Alexander's Buses: Fife, Midland, Northern
In 1961 Scotland's biggest bus company, W Alexander & Sons of Falkirk, was divided into three separate businesses.
A new Midland company took over what had been the southern area of the business, and retained Alexander's blue livery and its Falkirk head office. It operated local services to the north and east of Glasgow, and in Stirling, Falkirk, Alloa, Perth and Oban. It also operated inter-urban services throughout this area, and to Edinburgh and Dundee.
Operations in Fife passed to a new Fife company, with local services throughout the region, and long-distance services to Glasgow. The Fife company had around 500 buses and adopted a new livery of Ayres red. It established its head office in Kirkcaldy.
Alexander's northern region became the new Northern company. Its operations covered the east of Scotland from Dundee to the Moray Firth. As well as a comprehensive network of services throughout the area, it had limited local operations in Dundee and Aberdeen, and ran long-distance services south to Glasgow and east to Inverness.
For the following 24 years the three companies' operating territories remained largely unchanged. Each of them acquired many of the small number of independent bus operators in their areas as the 1960s progressed.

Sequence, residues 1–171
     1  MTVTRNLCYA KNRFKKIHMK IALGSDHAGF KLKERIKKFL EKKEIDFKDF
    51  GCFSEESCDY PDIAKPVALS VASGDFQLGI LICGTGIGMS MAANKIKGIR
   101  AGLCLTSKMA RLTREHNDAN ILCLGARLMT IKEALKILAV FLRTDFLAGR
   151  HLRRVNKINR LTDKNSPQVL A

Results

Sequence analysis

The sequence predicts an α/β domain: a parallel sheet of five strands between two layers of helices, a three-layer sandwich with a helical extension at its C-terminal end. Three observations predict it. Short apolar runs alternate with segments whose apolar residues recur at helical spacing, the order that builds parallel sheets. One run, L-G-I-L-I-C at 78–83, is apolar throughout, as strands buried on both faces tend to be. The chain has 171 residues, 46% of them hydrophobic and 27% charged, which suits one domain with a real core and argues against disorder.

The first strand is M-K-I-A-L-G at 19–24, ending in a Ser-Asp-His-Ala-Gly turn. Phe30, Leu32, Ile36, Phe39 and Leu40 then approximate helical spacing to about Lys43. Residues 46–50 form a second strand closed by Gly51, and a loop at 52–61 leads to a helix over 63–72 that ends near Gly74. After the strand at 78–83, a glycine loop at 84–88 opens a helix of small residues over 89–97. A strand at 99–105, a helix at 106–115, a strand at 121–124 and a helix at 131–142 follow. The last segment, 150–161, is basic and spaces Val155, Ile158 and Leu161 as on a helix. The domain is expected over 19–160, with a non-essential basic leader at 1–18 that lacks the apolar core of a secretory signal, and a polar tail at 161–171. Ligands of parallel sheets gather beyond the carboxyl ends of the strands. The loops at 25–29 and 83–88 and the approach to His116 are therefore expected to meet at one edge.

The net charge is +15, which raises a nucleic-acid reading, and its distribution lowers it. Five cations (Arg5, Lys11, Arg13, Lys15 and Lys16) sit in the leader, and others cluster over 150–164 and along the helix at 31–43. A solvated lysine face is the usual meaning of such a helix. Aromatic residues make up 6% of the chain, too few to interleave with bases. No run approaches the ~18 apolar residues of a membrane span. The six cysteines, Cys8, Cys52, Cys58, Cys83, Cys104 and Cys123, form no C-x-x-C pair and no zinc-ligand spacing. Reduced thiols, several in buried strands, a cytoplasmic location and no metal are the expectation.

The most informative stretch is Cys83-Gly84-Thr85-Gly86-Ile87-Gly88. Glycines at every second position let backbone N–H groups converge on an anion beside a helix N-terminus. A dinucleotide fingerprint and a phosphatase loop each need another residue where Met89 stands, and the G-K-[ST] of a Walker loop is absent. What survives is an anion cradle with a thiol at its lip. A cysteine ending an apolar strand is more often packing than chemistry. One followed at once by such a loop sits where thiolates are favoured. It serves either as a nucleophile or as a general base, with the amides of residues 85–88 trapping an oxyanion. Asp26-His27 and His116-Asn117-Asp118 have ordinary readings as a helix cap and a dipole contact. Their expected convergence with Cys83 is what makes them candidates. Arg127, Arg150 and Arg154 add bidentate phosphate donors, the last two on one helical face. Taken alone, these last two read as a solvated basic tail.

The Scottish Bus Group was reorganised in June 1985 and this affected two of the Alexander companies. Midland lost its Glasgow area operations to a new company, Kelvin, while its operations in Perthshire went to another new company, Strathtay. Northern lost its operations in and around Tayside to the new Strathtay business, reducing the Northern fleet from 320 to 250 buses. Fife was unaffected by the changes. They were privatised in 1990-91 when Midland was sold to GRT Holdings and continues today as part of FirstGroup. Northern and Fife were sold to Stagecoach, which would later also acquire Strathtay.
This book outlines the Alexander story in its early years, then examines the effect of the split in the company in 1961, and the following years up to privatisation. It also includes a postscript, looking briefly at the vehicles inherited by Stagecoach and First, and at the former Alexander operations as they are today.
Alongside various colour photographs, the book also features tables showing a summary by vehicle type of the three fleets in 1961, 1985 and at the time of privatisation and a map copied from a 1960s timetable to illustrate the extent of the three companies' operating areas.